In the week since the Vatican released its new "Instruction" on the admission of men with homosexual tendencies to seminaries or to Holy Orders, there has been an impressive amount of commentary on what exactly it means. While the release of a Vatican document is always accompanied by commentators who argue mightily that it does not mean what it in fact plainly says, this time there is some genuine uncertainty about how best to interpret the Instruction — and from quarters which are by no means lacking in fidelity to Church teaching.
The key passage says that "those who practice homosexuality, present deep-seated homosexual tendencies or support the so-called 'gay culture' should not be admitted to seminaries or ordained priests."
The first and third categories seem clear enough. A man who is sexually active with others — men or women — clearly cannot be admitted to the seminary unless and until he has learned to live chastely. As for the "gay culture," it seems obvious that a potential priest cannot support initiatives which encourage homosexual acts, or even the affirmation of the homosexual orientation as something good in itself.
What does "deep-seated" mean?
That leaves the second category: "those who present deep-seated homosexual tendencies."
The first thing to be observed is that the language chosen — after some five years or more of consideration — does not define a "deep-seated" homosexual tendency. It also seems reasonable to conclude that a homosexual tendency which is not "deep-seated" does not constitute a barrier to Holy Orders.
The Instruction makes it clear that bishops, seminary rectors, spiritual directors, and confessors are to make this determination. So, speaking only for myself, how would I apply the distinction between what is deep-seated and what is not?
Given the adolescent environment in North America today, it is not surprising that young men who are not in fact homosexual might have experienced homosexual tendencies. A youth culture of sexual libertinism, coupled with an assertive promotion of the gay culture in both high schools and on university campuses, makes this a growing phenomenon.
In a different way, this may also apply to places in the world where boys enter preparatory seminaries at a young age. A teenage boy who enters the all-male environment of a seminary, and lives his entire adolescence in such an environment, may experience homosexual tendencies. This is not due to a libertine environment (!) but simply the fact that the male sexual appetite is attracted by what it sees, and in an all-male environment what is seen is other men.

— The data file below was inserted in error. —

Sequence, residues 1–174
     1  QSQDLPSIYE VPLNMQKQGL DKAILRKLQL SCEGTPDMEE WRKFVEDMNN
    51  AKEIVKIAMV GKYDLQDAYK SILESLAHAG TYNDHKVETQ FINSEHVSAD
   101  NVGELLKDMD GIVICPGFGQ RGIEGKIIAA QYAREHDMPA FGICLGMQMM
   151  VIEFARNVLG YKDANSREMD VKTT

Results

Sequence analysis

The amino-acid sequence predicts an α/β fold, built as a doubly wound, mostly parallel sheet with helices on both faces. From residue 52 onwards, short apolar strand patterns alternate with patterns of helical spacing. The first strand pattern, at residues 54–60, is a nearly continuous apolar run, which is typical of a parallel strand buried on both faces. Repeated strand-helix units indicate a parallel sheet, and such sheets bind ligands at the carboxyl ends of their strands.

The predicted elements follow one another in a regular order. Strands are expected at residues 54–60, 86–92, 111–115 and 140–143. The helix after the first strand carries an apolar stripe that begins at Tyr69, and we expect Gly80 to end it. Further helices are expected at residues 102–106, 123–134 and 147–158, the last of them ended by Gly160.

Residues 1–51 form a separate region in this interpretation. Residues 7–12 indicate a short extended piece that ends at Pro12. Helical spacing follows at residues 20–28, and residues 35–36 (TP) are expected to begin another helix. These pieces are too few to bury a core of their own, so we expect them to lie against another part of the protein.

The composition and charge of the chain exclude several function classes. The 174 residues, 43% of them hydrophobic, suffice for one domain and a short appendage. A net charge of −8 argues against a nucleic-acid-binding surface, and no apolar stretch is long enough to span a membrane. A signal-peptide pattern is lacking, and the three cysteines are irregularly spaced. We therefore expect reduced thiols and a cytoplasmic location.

In such cases, it would seem that these tendencies are of the "transitory" nature which the Instruction indicates do not constitute a barrier to ordination if they are overcome for a period of time (three years).
The more difficult case is the man who experiences homosexual tendencies for a prolonged period of time, but lives chastely, unequivocally accepts the Church's teaching that the homosexual orientation is disordered, and, moreover, wishes to be free of homosexual tendencies. Does such a man have the "deep-seated" tendencies which are a barrier to seminary admission?
Different answers could be given.
A plausible reading of the Instruction is that "deep-seated" is opposed to "transitory," meaning that a homosexual tendency which endures for a prolonged period is "deep-seated." Some commentators have said that the Instruction judges such men unsuitable for admission to the seminary. If the tendency is enduring, it is therefore disqualifying.
I would answer slightly differently. I think "deep-seated" can plausibly be read as referring to how "deep" the tendency is rooted in the personality.
If a man habitually sees the men around him as objects of sexual desire, that would be a "deep-seated" tendency that would "hinder [him] from relating correctly to men and women," as the Instruction puts it. If the man understands himself in terms of his homosexual tendencies or orientation, that would also be a "deep-seated" phenomenon, as the personality itself is understood in reference to what is a disordered orientation.
It seems clear that the Instruction rejects as unsuitable for the priesthood those whose identity is defined by what Catholic doctrine regards as a disordered sexual tendency. It could hardly be otherwise — a man who defines his identity in relation to homosexuality would be defining himself in terms directly contrary to the Christian sexual ethic.